Mary’s Christmas Vocation
December 23, 2007
Mary was given a sacred assignment. She was given a vocation: a sacred task to do for God. For this is what a vocation is: a sacred assignment.
Vocation: a sacred assignment
Everyone has a vocation. Mary’s was a Christmas vocation. No Christmas vacation for Mary. Her sacred task was to prepare God’s son. Can you imagine what an awesome responsibility that is? We tremble at raising our own children but God’s son? No wonder the nations would call her blessed.
Just remember that vocation is more than a job although your job can be your vocation. Speaking of jobs, I have picture that I want to show you of a cake ordered at Wal-mart. This actually did happen. Kinda weird isn’t it.
This was a cake for an employee that was leaving her job as an insurance claims adjuster. Here’s how the phone call to order the cake went:
“Dis’ iz duh Wal-mart bakery?”
“I’d like to order a quarter sheet chocolate cake.”
“And on it. I would like an inscription.”
“Ok. Wha’ you want on it?”
“’Best Wishes Suzanne.’ And underneath that, ‘We will miss you.’”
As we rediscover Christmas, we have looked at Zechariah and Elizabeth, their son John, and Joseph. Each of them played at part in preparing the way of Jesus. And in a sense this is what following Jesus is about. We follow his ways, his Shema of loving God and loving others, in order to prepare ourselves and others for his abiding presence. All the things that Jesus calls us to do in the Sermon on the Mount are designed to prepare us for God’s kingdom that is arriving as we walk in God’s ways.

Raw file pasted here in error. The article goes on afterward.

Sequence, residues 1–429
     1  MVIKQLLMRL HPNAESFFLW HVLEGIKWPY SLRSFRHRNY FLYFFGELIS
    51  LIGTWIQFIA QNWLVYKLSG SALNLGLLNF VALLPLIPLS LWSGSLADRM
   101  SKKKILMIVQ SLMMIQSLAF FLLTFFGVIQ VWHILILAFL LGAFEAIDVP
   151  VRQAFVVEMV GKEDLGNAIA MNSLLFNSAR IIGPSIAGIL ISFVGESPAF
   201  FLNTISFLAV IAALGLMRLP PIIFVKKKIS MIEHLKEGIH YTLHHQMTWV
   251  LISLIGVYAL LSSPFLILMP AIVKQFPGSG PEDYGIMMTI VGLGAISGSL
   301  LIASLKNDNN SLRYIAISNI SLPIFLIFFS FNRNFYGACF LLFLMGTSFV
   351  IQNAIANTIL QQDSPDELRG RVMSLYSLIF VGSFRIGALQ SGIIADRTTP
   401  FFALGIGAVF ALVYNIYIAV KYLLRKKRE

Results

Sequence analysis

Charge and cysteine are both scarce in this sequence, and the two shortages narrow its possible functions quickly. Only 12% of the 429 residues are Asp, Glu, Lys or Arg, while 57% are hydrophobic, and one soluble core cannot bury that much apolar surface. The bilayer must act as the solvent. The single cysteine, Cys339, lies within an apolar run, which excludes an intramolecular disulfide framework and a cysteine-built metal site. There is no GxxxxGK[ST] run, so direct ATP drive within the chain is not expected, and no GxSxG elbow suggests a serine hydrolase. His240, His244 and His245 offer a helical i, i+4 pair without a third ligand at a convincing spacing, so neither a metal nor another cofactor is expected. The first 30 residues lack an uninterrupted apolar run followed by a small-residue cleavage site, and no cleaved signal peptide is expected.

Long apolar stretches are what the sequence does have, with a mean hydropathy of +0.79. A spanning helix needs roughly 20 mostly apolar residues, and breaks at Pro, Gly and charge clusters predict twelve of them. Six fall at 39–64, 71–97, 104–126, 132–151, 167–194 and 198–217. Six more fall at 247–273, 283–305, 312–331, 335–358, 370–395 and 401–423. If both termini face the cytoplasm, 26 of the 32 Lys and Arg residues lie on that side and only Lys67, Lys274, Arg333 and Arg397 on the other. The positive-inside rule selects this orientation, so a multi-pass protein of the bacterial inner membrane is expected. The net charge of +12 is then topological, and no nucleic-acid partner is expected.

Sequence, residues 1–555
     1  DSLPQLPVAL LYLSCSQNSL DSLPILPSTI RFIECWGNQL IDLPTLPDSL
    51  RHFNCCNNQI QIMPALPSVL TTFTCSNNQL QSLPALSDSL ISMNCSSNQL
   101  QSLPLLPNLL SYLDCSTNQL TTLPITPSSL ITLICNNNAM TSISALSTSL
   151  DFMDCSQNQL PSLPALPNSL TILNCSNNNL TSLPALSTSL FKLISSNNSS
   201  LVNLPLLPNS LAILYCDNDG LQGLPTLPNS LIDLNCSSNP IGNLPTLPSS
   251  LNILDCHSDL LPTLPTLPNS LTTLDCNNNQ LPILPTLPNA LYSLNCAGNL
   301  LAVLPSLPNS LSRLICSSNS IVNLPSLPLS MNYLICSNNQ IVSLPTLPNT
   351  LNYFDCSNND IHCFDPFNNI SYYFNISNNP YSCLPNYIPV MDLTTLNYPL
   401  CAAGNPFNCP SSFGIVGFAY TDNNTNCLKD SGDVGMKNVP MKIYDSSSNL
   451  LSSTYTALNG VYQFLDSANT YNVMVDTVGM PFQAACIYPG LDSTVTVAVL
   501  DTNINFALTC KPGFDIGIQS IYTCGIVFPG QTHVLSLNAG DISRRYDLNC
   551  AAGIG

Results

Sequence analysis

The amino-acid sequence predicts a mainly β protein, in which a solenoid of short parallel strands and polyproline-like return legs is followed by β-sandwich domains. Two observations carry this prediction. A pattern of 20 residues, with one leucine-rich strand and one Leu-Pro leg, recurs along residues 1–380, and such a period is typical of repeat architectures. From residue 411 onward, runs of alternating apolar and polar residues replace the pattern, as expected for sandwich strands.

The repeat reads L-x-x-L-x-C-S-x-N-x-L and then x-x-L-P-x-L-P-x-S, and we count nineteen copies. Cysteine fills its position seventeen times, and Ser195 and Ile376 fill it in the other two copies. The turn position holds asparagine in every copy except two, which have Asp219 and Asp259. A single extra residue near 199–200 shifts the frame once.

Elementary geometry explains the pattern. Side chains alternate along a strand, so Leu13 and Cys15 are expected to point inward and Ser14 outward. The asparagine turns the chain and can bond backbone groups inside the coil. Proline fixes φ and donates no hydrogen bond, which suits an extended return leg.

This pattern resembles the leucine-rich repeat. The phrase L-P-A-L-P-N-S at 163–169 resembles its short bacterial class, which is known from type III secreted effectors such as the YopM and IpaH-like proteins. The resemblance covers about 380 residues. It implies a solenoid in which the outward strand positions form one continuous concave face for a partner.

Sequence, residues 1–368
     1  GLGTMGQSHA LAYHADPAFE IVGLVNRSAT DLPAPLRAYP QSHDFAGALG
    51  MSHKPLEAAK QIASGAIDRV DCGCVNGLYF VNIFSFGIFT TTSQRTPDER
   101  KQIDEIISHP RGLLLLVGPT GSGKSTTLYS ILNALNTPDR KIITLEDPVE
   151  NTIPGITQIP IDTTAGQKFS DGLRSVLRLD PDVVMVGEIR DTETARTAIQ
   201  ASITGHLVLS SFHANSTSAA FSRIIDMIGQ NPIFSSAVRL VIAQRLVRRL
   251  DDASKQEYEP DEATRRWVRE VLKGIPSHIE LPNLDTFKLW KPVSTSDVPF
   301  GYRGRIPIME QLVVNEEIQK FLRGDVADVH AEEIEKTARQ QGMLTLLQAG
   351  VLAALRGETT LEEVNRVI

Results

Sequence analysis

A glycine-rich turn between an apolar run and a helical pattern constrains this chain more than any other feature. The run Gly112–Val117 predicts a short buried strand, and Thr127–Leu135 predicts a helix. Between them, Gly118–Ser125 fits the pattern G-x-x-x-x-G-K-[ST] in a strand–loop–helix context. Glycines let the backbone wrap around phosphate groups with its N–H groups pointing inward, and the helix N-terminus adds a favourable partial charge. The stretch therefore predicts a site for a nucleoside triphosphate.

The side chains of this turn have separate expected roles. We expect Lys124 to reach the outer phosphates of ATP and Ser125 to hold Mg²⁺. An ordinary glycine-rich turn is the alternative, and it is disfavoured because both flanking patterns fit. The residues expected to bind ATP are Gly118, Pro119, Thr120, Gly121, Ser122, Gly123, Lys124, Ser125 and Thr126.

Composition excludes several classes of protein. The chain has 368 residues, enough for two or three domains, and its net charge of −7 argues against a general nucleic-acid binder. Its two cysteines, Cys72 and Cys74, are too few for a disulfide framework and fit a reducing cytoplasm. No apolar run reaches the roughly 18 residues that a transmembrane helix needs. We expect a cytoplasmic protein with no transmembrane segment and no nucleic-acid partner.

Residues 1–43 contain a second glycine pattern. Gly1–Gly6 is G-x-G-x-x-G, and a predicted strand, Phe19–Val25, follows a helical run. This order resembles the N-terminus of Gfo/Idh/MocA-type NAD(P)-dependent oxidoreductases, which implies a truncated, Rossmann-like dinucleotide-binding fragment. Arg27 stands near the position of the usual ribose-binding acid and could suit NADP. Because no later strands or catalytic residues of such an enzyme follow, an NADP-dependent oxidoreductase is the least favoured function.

Mary also prepared the way for Jesus. So let’s take a closer look at her.
Who was Mary?
1. Mary was poor.
Mary was a part of the poor crowd called the Anawim: the pious poor. These people suffered because they were poor. Mary’s song is the gospel before the gospel. It has as part of it the recognition that God has heard the cries of the poor for justice, mercy, & compassion. God has heard their cries for redemption and has answered it through a miraculous child.
Mary’s song is the cry of a very young girl, a young teenager, that has no rights and is locked into a system that oppresses the poor. Not only that it is a song of release. She has heard what the angel has said and recognized that she now will be labeled an adulteress. Her life, what little of it that she had, will now be completely undone. Her future is uncertain but she still trusts in the Mighty One and the future that God is bringing through her child.
This means that although Mary was poor, an Anawim, she had hope.
2. Mary had hope.
Mary’s song is announcing a social revolution. She was putting Herod the Great on notice. She was putting Caesar on notice. They will be dealt with by God. Unlike Herod, Mary’s son will rule with mercy and justice.
Mary, who was given a sullied reputation and was poor, has a hope that God, who is the Mighty One (All-Powerful), is fulfilling the promises that God had made to His people so long ago. God uses Mary despite her past and despite the odds that are against her to prepare His son. Mary knew her own wounds, but she also knew that God was about to heal those wounds with a sacred assignment: a vocation.
3. Mary was given a vocation.
We also are given a vocation with our past and our wounds intact so that all can see us and see what God can do. Even Jesus would be resurrected with the scars intact.